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Tinsel: A Search for America’s Christmas Present

Tinsel: A Search for America’s Christmas Present

By: Hank Stuever 
Publisher: Houghton Mifflin Harcourt 
Publication Date: November 2009 
ISBN: 978-0547134659 
Reviewed by: Ellen Feld 
Review Date: October 2009

It’s beginning to look a lot like Christmas and in Frisco, TX, it looks a lot like Christmas on speed. Author Hank Stuever, a writer for the Washington Post spent three holiday seasons in Frisco, befriending the locals and writing about their Christmas customs. Tinsel is the result of those three years of watching, learning, and participating in the myriad of holiday traditions in one Texas town.

Stuever follows three families in his book, the Parnells, the Cavazos, and the Trykoskis. The strongest, most visible character in Tinsel would have to be Tammie Parnell, an American entrepreneur, who takes Stuever along for the ride as she teaches him all about her thriving business. Dubbed “Two Elves with a Twist,” she decorates clients’ homes for Christmas, charging on average, from $400 to $1200 for each house. Caroll Cavazos is a shopper who simply wants a Christmas with nice memories for her children while Jeff and Bridgette Trykoski decorate their house each year with 50,000 lights and become the local Christmas attraction each year. The couple takes great pride in their massive, bright, over-the-top decorations.

The author is an excellent writer, with vivid descriptions and a great sense of humor. The book reads quickly and there are plenty of funny and poignant parts to the book. Unfortunately, it is hard to like any of the main characters featured in Tinsel. They come across as shallow, self-absorbed people who, for the most part, have lost all connections to the true meaning of Christmas. Stuever does inject numerous references to the true meaning of Christmas (primarily with quotes from Christmas icons such as Charles Dickens) and thankfully, there is a section dealing with the work of the Frisco Family Services Center and the Angel Tree program, but it pales in comparison to the craziness of the over-spending that so many seem to enjoy. Stuever is careful to point out that those featured in Tinsel also do their part, but again, it seems like an afterthought for each. Perhaps Tammie Parnell sums up the theme of Tinsel best when she vows to only spend $500 on each child’s Christmas present, telling her kids they are pampered and don’t need more. Her daughter Emily wants a $1,200 Mac and Tammie says no, but surprise, that’s just what she buys for Emily. Pampered? Spoiled? You be the judge.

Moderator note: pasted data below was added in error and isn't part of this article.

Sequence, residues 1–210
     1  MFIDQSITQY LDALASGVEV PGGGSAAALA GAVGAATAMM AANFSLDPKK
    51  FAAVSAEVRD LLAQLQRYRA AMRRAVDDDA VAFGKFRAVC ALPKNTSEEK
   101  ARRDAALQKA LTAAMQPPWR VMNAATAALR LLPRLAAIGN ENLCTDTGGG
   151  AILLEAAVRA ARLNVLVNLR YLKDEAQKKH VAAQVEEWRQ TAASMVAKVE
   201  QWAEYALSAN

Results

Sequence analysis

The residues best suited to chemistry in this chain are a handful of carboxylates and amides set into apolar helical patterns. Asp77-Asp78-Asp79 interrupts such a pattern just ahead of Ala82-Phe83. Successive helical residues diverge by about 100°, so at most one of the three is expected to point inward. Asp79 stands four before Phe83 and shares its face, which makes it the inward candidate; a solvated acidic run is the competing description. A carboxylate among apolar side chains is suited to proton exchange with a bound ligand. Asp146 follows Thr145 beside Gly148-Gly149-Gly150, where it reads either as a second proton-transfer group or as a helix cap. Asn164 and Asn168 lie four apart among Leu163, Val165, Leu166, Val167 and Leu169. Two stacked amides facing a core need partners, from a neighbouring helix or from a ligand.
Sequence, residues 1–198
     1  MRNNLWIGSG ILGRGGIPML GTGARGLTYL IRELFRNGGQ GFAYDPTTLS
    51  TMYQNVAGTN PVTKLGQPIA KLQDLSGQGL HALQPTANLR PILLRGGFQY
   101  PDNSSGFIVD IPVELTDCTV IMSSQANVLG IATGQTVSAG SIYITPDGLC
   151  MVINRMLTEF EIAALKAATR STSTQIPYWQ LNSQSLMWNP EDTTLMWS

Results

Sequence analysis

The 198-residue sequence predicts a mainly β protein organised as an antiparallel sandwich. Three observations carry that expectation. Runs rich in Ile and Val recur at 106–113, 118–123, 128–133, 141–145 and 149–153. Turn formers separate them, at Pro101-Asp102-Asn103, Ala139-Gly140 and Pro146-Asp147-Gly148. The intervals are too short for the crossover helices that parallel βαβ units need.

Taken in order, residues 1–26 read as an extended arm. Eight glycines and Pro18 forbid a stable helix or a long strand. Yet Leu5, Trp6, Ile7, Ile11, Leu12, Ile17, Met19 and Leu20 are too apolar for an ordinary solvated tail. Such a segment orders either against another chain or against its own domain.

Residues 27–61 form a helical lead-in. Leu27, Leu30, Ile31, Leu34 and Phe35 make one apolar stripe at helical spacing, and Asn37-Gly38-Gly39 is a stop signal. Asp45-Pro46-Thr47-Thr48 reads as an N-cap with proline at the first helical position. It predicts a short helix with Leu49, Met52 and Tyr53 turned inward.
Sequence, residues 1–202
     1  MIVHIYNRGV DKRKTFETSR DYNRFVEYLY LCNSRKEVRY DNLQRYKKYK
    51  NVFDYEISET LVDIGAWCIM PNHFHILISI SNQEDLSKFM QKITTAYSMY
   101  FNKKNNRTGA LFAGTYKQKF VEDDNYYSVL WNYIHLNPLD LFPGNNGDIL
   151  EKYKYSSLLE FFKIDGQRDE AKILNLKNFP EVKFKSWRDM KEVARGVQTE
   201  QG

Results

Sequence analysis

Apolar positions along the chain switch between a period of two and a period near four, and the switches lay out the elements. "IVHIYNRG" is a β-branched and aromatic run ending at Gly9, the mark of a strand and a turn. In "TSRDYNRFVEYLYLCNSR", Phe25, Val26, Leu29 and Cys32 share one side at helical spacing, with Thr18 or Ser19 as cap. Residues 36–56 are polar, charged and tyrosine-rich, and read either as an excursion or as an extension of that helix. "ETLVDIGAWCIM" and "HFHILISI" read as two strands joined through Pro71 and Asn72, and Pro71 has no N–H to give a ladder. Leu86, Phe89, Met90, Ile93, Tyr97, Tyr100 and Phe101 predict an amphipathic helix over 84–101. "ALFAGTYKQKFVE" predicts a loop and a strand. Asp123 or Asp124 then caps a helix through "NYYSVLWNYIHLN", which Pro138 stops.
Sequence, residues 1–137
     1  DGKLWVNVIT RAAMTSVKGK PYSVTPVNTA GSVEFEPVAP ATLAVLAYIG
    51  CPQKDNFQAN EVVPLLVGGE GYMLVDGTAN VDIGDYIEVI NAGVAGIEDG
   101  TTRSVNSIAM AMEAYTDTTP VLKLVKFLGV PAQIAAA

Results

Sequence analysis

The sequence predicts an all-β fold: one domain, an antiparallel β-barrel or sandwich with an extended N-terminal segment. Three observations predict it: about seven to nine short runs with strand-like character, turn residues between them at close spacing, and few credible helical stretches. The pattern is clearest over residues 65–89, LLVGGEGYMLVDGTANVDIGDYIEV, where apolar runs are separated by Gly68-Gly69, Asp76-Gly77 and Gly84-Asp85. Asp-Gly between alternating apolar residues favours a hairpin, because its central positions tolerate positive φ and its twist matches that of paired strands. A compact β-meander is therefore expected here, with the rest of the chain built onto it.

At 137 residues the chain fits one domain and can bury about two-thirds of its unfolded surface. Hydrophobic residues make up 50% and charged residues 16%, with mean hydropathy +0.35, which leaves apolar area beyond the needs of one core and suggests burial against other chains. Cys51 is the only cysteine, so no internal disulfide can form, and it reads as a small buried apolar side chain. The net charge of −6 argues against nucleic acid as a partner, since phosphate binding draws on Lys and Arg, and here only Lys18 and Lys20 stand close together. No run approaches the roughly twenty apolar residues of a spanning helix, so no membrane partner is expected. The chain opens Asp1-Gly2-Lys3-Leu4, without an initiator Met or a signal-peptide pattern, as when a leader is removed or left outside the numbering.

Quill says: An over-the-top look at Christmas with people who seem to have lost the true meaning of this special holiday.

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